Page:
Ex­plor­ing Hu­man Genome

Be­laru­sian and Rus­sian sci­en­tists in­tend to de­velop new tech­nolo­gies to study hu­man DNA

Economy of Belarus - - FRONT PAGE - Irina KONTSAVENKO

Ge­netic tech­nol­ogy and hu­man genome re­search have ad­vanced rapidly. It is clear that genes lie at the heart of who we are and what we are, and there­fore the in­ter­est in this area will con­tinue grow­ing. The role of ge­net­ics in medicine is un­de­ni­able to­day. It is an es­tab­lished fact now that all dis­eases (in­clud­ing in­fec­tious dis­eases, colds and even in­juries) have a hered­i­tary ba­sis. Ge­net­ics makes its con­tri­bu­tion to the de­vel­op­ment of foren­sic science. By us­ing the PCR test it is now pos­si­ble to iden­tify an in­di­vid­ual from the DNA traces. Be­laru­sian and Rus­sian sci­en­tists have rich ex­pe­ri­ence in ex­plor­ing the hu­man genome. More than two years ago, when dis­cussing the ways of fur­ther de­vel­op­ment of the do­mes­tic science, they had the idea to de­velop the Be­larus-Rus­sia Union State DNA Iden­ti­fi­ca­tion Pro­gram which would help solve crimes and treat dis­eases. To­day the min­istries of the two coun­tries con­cerned are fi­nal­iz­ing the pro­gram which is ex­pected to be launched early next year. In ad­di­tion to the core aca­demic in­sti­tu­tions (Rus­sia’s Fed­eral Agency for Sci­en­tific Or­ga­ni­za­tions and Be­larus’ Na­tional Academy of Sciences), it will in­volve the in­ves­ti­ga­tion com­mit­tees of Be­larus and Rus­sia and also med­i­cal in­sti­tu­tions. Ex­perts be­lieve that ge­netic sci­en­tists and peo­ple on the ground know how to help each other and ob­tain a new promis­ing prod­uct. us­ing bi­o­log­i­cal sam­ples col­lected at a crime scene is quite ac­cu­rate to­day, some­times there are a lot of prob­lems. This means ge­netic meth­ods should be im­proved. Cer­tain progress in the area has been made by Rus­sian foren­sic sci­en­tists. This suc­cess gave rise to the joint Union State pro­gram. For in­stance, DNA tests were con­ducted to in­ves­ti­gate the ter­ror­ist at­tack in Do­mode­dovo Air­port in 2011. Two days were needed to iden­tify the sui­cide bomber, which, in turn, helped find his ac­com­plices. In this very case in­ves­ti­ga­tors were lucky as the ter­ror­ist was from the re­gion that had al­ready been stud­ied by ge­neti­cists.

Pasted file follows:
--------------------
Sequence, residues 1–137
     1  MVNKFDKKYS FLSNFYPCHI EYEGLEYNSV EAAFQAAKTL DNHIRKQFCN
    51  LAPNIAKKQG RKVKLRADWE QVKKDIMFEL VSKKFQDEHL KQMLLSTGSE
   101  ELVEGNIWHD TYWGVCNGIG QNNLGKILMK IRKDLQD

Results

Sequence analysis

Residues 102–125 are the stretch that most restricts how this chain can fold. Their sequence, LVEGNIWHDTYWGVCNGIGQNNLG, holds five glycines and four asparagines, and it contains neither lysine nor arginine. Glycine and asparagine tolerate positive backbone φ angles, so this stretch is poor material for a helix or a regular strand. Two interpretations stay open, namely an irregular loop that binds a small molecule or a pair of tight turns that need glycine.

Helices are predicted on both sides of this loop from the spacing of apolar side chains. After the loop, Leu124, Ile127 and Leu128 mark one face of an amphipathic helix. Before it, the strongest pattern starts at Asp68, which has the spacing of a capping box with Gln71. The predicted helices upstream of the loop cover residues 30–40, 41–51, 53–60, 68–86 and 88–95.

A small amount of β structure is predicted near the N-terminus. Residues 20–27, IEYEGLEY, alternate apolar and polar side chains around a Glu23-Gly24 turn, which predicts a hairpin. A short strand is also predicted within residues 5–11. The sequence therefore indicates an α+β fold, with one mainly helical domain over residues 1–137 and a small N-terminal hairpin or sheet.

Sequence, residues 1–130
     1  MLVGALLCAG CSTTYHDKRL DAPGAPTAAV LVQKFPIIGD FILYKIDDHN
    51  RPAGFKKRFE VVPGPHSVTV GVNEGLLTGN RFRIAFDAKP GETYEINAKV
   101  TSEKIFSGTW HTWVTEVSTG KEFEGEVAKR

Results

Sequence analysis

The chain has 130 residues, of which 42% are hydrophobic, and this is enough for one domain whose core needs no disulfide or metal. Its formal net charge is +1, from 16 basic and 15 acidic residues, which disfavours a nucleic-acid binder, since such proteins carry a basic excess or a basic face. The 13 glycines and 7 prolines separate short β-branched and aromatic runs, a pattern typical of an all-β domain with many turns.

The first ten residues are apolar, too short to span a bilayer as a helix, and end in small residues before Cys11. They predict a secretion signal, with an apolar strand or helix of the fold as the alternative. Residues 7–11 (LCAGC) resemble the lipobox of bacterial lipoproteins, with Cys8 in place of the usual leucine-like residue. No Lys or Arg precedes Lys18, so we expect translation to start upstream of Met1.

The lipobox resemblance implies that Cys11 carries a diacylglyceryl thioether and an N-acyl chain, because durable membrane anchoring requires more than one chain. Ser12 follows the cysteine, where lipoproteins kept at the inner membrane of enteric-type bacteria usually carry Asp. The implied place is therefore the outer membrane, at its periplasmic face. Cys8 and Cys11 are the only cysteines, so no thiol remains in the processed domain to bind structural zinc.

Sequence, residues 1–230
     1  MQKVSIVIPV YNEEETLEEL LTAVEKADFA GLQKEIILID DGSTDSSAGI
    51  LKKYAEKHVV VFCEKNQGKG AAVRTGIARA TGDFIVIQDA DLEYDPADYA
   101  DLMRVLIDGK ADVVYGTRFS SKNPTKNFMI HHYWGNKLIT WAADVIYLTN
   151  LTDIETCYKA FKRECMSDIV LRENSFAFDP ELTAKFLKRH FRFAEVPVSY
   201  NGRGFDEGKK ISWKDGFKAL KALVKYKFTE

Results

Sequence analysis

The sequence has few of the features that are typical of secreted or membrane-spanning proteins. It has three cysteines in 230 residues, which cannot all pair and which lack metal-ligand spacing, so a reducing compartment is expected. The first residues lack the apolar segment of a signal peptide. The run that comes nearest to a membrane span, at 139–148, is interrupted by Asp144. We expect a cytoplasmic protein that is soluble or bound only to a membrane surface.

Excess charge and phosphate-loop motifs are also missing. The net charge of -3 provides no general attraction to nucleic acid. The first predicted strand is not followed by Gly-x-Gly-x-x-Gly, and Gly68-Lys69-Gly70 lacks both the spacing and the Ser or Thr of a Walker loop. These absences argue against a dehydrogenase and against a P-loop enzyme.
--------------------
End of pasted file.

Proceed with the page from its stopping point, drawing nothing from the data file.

The Novosi­birsk pe­dophile case is demon­stra­tive as well. For a num­ber of years the crim­i­nal mo­lested girls in dif­fer­ent dis­tricts of the city. Eye­wit­ness ac­counts pointed to a man from North­ern Cau­ca­sus but led the in­ves­ti­ga­tion nowhere. Spe­cial­ists of the Tomsk Re­search In­sti­tute of Med­i­cal Ge­net­ics (the Siberian branch of the Rus­sian Academy of Sciences) car­ried out a de­tailed DNA pro­fil­ing of the ma­niac. The find­ings re­vealed that the crim­i­nal came from the south of Siberia. These re­sults helped con­sid­er­ably nar­row the cir­cle of sus­pects, and the child mo­lester was ar­rested two weeks later.

How­ever, to make it a rou­tine, one needs to know the history of the de­vel­op­ment of a na­tion and to have plenty of DNA sam­ples. For

Genes as Ev­i­dence

se­ries of gen­er­a­tions, and be­came wide­spread in the pop­u­la­tion. Oth­ers ap­peared later, and are found only in a small part of the pop­u­la­tion. So the closer kin­ship be­tween two peo­ple is, the more sim­i­lar their geno­types are.

The hu­man DNA pro­fil­ing tech­nol­ogy has been well-tested and is ex­ten­sively used through­out the world. It is kind of a mod­ern stan­dard, with a cer­tain set of tools, reagents and tech­niques. Foren­sic sci­en­tists be­gan us­ing the DNAtest­ing method about 30 years ago. How­ever, only five years ago we came to re­al­ize, here and abroad, that ge­net­ics could be of much big­ger help to law-en­force­ment agen­cies. Although DNA pro­fil­ing

Ap­prox­i­mately 85% of hu­man qual­i­ties are pre­de­ter­mined by genes (looks, char­ac­ter, in­tel­lec­tual and phys­i­cal abil­i­ties, health). Ac­cord­ingly, the genome of each of us con­tains a wealth of in­for­ma­tion and we need to learn to ex­tract all of it for the pur­poses that ben­e­fit the so­ci­ety.

The hu­man genome con­tains 3 bil­lion nu­cleo­tides. Any two peo­ple dif­fer at about 1 in ev­ery thou­sand DNA bases, or “letters”, or three mil­lion of the three bil­lion. This is where the in­di­vid­ual qual­i­ties of an in­di­vid­ual come from. Some nu­cleo­tide sub­sti­tu­tions ap­peared in the dis­tant past, pre­served in a